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Progress or cop-out? March 26, 2010

Posted by Angelique in Animal welfare.
Tags: , , , , ,

A recent op-ed in the NY Times applauded (albeit grudgingly) the development of techniques to genetically engineer animals who do not feel pain. Cutting-edge research has found a way to breed rats and mice who withdraw from painful stimuli (like hot floors) but don’t exhibit the pain response normally associated with such withdrawal. Conclusion: they are somehow experiencing the pain without it making them feel bad. If these techniques could be applied to cattle, pigs, and chickens, what a boon to the livestock industry! Then those pesky animal welfare activists wouldn’t have anything to complain about when cattle are castrated, dehorned, and branded without anesthetic, or when chickens are debeaked, or when any number of animals are left to languish with broken bones weeks before slaughter.

Well, as several replies to the op-ed demonstrated, lots of people are outraged that we humans would try to stop cruelty to farm animals not by changing our cruel practices but by inuring animals to the results. There seems to be something wrong with blithely continuing along our self-serving paths, trampling the animals along the way, and fixing things on the back-end by making sure they don’t notice. Shouldn’t we focus our “fixing-power” on the wrongdoers, not the victims? As one levelheaded letter-writer said, “Given that our current system for producing meat inflicts pain on animals, the sensible response is to change the system, not the animals.” A more amusing response: “I’d like to propose an alternative: that we consider using neuroscience and genetic engineering to modify humans so that they derive less pleasure from consuming large amounts of animal flesh and more pleasure from consuming things like tofu.”

This debate reminds me of a similar one that pops up now and again in discussions of global warming. Most people who think that global warming is real and harmful think we should devote our energies to scaling down the industrial complex that’s causing it. Consume less stuff, drive and fly less, eat less meat. Maybe, on the positive side, plant a few trees to combat the deforestation that’s one big culprit. But there is a minority who think we should devote some energy to building huge artificial carbon sinks – I always imagine big spaceships that cruise the skies gobbling carbon – so that even if we continue business as usual here on the ground, the warming that results will be reduced. Outcry: how can it be OK to continue business as usual when that’s what got us into this mess in the first place?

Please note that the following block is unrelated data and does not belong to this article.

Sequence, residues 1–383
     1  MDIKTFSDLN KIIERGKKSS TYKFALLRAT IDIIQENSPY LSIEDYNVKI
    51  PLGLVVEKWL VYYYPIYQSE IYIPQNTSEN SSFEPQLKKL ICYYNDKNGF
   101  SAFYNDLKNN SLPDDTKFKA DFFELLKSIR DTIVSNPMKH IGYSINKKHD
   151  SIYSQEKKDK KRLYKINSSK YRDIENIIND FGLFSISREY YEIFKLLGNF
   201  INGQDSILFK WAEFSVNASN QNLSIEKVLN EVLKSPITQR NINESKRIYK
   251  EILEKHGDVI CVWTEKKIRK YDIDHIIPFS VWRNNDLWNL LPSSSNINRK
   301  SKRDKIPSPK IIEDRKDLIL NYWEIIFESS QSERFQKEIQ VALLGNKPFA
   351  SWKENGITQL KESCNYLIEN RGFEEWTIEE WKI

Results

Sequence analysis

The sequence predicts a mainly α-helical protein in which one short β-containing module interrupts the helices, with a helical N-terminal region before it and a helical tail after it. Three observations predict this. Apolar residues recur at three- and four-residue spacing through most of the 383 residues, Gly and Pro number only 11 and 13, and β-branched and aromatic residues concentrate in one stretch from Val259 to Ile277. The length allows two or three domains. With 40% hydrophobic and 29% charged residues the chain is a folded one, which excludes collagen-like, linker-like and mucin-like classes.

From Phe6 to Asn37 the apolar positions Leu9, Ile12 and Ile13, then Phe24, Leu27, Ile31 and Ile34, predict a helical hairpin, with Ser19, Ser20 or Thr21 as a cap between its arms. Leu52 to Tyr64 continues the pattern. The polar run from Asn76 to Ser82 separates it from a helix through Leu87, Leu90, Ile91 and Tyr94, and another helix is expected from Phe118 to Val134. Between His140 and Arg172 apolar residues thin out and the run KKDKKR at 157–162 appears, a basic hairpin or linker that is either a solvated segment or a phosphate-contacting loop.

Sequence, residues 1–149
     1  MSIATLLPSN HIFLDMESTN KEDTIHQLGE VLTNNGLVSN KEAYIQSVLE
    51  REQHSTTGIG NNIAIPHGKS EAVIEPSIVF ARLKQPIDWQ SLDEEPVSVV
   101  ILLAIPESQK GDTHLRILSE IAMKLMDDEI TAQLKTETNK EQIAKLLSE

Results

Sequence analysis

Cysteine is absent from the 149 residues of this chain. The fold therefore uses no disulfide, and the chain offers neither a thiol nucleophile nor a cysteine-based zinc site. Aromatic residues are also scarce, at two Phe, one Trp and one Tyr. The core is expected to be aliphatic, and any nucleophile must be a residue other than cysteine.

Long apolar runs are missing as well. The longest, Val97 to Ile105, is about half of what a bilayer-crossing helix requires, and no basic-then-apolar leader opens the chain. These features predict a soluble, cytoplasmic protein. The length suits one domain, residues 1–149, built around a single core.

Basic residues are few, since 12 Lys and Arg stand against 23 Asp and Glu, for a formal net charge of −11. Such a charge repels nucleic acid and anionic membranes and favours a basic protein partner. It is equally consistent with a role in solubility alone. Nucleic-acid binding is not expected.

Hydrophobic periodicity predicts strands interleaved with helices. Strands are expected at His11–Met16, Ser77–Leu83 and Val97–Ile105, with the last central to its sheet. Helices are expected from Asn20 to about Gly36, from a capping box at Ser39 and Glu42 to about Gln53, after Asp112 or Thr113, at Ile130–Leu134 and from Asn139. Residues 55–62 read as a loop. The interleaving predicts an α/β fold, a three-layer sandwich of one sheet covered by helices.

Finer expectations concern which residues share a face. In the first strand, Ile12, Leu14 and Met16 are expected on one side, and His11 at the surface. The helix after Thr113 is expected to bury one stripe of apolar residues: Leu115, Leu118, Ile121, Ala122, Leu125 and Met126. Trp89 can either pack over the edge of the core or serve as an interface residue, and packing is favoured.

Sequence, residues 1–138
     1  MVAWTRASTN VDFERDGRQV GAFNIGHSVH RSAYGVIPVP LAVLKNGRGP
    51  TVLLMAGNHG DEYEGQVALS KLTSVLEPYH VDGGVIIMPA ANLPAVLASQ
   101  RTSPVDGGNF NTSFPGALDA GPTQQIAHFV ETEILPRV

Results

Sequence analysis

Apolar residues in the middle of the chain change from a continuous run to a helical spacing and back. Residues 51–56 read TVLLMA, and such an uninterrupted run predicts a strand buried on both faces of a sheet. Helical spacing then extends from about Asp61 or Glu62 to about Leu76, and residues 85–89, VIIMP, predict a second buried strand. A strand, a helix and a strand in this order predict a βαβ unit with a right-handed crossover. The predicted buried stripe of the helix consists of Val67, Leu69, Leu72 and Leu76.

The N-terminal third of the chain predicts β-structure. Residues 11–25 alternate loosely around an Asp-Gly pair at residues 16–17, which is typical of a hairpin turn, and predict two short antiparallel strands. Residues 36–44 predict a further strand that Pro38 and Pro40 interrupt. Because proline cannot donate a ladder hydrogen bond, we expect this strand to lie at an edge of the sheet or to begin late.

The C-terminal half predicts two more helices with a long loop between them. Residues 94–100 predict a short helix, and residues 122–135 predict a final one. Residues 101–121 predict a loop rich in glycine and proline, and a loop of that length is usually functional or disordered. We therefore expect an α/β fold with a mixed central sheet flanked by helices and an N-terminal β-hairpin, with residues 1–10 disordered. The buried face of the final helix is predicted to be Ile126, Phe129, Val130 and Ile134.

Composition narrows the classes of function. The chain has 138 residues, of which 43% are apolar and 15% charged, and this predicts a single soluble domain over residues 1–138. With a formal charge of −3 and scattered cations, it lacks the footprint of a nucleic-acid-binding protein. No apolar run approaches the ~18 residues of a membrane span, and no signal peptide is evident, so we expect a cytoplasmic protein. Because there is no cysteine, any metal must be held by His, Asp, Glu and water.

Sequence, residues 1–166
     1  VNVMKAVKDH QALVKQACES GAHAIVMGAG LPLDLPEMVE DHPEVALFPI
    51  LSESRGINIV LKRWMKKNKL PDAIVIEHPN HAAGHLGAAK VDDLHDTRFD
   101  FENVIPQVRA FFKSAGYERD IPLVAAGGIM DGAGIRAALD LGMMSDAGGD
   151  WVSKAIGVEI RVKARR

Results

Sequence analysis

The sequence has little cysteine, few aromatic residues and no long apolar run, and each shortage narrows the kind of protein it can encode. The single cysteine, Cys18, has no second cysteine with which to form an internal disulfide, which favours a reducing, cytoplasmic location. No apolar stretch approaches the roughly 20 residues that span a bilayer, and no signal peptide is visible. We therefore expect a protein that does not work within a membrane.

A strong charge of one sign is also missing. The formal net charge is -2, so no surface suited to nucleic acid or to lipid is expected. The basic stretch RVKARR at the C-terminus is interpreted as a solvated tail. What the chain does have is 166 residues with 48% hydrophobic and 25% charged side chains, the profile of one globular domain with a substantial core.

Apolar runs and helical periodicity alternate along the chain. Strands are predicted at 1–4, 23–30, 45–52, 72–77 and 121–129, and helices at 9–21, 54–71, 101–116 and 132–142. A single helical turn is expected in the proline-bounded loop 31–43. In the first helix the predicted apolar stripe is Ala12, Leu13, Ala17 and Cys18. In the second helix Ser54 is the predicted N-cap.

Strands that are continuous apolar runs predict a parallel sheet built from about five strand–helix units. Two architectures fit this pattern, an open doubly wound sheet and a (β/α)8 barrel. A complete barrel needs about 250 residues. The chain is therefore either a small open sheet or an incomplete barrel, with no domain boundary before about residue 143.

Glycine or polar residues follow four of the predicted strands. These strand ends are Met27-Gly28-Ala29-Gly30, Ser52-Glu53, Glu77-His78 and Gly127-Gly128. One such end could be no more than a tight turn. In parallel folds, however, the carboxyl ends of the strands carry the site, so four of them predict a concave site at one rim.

But in the global warming debate as well as in the animal welfare debate, none of the outraged public has really put their finger on why it’s wrong to solve our problems by fixing things on the back-end. If what makes cruelty to animals wrong is that the animals suffer from it, why isn’t any solution that eliminates that suffering equally worthy? If what makes global warming bad is rising temperatures and the havoc they may wreak, why isn’t any solution that keeps the temperature down equally acceptable? Perhaps not all solutions are created equal because not all solutions satisfy our desire to punish the perpetrators of the problems, but that desire seems more of an instinctual craving than a rational basis for choosing one solution over others. I’d have to conclude that as distasteful as these back-end solutions are, they are morally acceptable.



1. Eric C - March 26, 2010

Agreed. Though I also like the snarky comment about genetically engineering people to love tofu (more than we love meat). It wouldn’t even have to involve decreasing our taste for meat; rather, we just increase our taste for tofu.

Also, there’s a great episode of Futurama wherein society’s solution to global warming is to get a huge chunk of ice from an asteroid every now and then and drop it into the ocean (special guest star Al Gore).

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